This threat, sometimes called "job blackmail" is also used by capitalists to drive political wedges between potential allies, such as workers employed by the corporations, and environmentalists. As such, capital flight is one of the many ways in which capitalism is an abusive, repressive system which keeps the many subservient to an elite few. The critics of the capitalists are often pressured into silence or ostracized from these communities in fear that their dissident efforts will result in economic Armageddon for the rest of the community (and the capitalists--knowing this--stole those fears even more).

Those critics--radical environmentalists, class struggle unionists, socialists, and anarchists--face a lonely path in many cases. People pay a high price in declaring that the emperor has no clothes. What they're often trying to convey to their fellow subjects is that, far from being a benevolent or beneficial force, corporations are actually a drain on the local community.

Multi- and trans-national corporations generally bleed these communities and their local environments of the lion's share of their resources, paying mere pittances in return. And since capitalism is based on the private accumulation of profits and the externalization of social costs, the damage these corporations do is paid for by the non-shareholding public.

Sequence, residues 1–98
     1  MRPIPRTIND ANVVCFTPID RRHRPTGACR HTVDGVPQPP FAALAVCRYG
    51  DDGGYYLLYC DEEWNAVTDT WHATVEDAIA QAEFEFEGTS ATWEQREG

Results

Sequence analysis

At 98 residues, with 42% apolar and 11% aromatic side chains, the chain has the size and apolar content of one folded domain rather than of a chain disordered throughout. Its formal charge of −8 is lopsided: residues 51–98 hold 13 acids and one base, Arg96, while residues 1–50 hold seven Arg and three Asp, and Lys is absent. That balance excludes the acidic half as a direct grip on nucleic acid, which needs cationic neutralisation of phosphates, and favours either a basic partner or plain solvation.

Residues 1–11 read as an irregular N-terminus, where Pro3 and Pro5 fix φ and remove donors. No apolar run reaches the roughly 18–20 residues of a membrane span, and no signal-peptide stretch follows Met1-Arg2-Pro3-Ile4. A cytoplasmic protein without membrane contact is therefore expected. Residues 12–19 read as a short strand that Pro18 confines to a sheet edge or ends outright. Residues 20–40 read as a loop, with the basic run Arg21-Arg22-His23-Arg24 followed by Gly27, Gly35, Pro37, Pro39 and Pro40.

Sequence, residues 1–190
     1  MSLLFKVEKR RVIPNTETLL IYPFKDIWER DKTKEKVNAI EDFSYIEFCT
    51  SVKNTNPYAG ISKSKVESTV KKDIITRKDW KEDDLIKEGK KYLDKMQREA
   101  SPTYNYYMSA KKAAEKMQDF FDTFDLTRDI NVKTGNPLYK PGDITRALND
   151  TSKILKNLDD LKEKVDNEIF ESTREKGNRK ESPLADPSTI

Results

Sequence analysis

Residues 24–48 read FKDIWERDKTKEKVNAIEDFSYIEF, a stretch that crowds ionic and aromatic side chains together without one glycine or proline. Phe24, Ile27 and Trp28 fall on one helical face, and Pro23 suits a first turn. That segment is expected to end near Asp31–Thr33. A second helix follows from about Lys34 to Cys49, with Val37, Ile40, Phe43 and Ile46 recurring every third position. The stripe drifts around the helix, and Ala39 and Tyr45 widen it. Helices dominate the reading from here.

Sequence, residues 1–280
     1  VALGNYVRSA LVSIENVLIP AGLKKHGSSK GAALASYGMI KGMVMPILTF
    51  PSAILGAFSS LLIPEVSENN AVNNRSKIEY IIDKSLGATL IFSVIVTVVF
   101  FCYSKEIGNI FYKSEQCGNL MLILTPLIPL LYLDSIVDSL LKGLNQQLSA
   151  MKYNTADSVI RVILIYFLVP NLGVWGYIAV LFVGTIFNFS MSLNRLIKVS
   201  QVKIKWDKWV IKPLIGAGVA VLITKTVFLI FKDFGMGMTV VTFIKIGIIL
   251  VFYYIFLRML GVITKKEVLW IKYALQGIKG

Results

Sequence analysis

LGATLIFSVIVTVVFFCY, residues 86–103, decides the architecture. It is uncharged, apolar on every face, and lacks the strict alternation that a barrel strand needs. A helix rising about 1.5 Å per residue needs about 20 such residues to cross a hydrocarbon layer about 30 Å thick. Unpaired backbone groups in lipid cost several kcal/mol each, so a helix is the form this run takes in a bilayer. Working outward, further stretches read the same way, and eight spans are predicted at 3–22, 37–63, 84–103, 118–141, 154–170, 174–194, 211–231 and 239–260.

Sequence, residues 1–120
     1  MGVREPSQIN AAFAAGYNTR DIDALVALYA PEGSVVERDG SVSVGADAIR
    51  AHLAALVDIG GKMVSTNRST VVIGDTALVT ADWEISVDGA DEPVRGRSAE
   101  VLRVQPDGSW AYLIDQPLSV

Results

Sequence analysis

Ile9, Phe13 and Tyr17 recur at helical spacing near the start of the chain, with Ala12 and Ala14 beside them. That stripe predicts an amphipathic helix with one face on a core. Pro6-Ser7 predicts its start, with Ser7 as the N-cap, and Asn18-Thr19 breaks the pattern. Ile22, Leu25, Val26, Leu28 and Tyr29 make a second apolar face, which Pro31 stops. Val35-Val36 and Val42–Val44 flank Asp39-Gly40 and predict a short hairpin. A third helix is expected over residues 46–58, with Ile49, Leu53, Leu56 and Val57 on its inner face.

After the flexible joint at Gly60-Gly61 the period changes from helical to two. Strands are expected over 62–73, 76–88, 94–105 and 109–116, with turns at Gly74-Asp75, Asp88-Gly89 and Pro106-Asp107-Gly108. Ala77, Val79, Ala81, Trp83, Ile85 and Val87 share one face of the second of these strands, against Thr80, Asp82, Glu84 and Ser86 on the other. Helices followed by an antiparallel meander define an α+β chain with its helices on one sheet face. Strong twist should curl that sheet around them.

The cost of the crimes caused by poverty and inequalities in wealth, substance abuse, and domestic abuse is borne by the public. It is they who must pay dearly--in the form of money, exposure to toxic chemicals, and radioactive waste left by the corporations. It is quite fair and accurate to describe that as a form of blight, in this case capital blight.

Deforestation, loss of habitat, polluted watercourses, depletion of fish stocks, oil spills, toxic superfund sites, destroyed mountainsides, black lung disease, destruction of biodiversity, mass unemployment, famine, nuclear meltdowns, abandoned neighborhoods, resource depletion, ocean acidification, and global warming are all forms of capital blight.